In mid-July 1953 the Communist Chinese Forces launched their last large scale offensive of the Korean War. The attack, which consisted of ten enemy divisions, was the largest offensive in two years. The firing batteries of the battalion, after having sustained horrific artillery, rocket, and motar fire on the evening of July 13, were again taken under direct attack by communist regular forces. When faced with mass attacking human waves in overwhelming numbers, the batteries were ordered to conduct a strategic withdrawal. Baker and Charlie Batteries found themselves being infiltrated by communist Chinese soldiers. Conducting a breakout, Baker and Charlie Batteries fought their way from the encirclement and were soon reestablished and immediately became operational. Setting the Howitzers in record time, Baker and Charlie went from  total  disengagement to pouring shells back into the advancing communist forces. The tenacity and fortitude of these men served as an example of bravery under fire to every Red Devil in the battalion. By this time the 92nd had gained a reputation of unexcelled excellence.

The advance was stopped 36 hours after it began. During this time the 92nd sustained two enlisted soldiers killed, the S-2 Officer was killed, and twenty seven were wounded and eight Red Devils listed as missing in action. Most of the MIAs were repatriated in Operation Big Switch concluding the final peace accord. In the 36 hours of solid combat it stands as a tribute to the Red Devils of the limited human loss. This fact clearly speaks to the professionalism and skillcraft learned in the earlier bitter battles by the 92nd.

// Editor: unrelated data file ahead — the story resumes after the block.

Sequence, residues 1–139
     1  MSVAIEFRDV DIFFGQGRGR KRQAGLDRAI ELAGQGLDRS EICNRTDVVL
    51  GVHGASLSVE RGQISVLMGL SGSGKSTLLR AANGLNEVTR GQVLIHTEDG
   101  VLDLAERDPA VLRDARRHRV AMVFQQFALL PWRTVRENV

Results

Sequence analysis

On July 27 1953, a truce was signed with the Communist North
Koreans bringing a cessation of action to the Korean conflict. For all who survived the terror filed days of combat, the truce was slow in coming. The loss of all those Red Devils killed, missing , and wounded in action will never be forgotten.

Following the signing of the truce, all United Nations units, including the 92nd, withdrew a few miles in order to create a buffer zone. Even though the conflict had been officially closed, the battalion remained combat ready in case the Korean and Chinese Communist forces should decide to break the truce.

The Battalion was deactivated on 27 July 1955 at Camp Omiya Japan.

Read excerpt from Military History Book
Chapter entitled"The last offensive"
The 92nd spent most of 1952 in support of various ROK and American divisions in the Kumhwa Valley area on the central front facing hill 1062 (Papa San). The Red Devils  were in direct support of the ROK 2nd Div and the U.S. 7th Div in the battle for Triangle Hill during October.


7th Infantry Div. on Triangle hill

7th Infantry Div. WIA on Hill 598 Sniper Ridge

In November of 1952, as the North Korean winter moved in with snow and below zero temperatures, the 92nd moved westward north of Chorwon to support the U.S. units on the front line.

                                SEE WINTER PHOTOS

Major casualties occurred during June-July 1953 shortly before the truce was signed while the 92nd was providing support for Outpost Harry. This engagement had an especially heavy counter battery barrage directed at the 92nd, and incoming rounds were received in all the firing batteries. Able Battery was hardest hit with two killed and 17 wounded.

Links to views of Outpost Harry: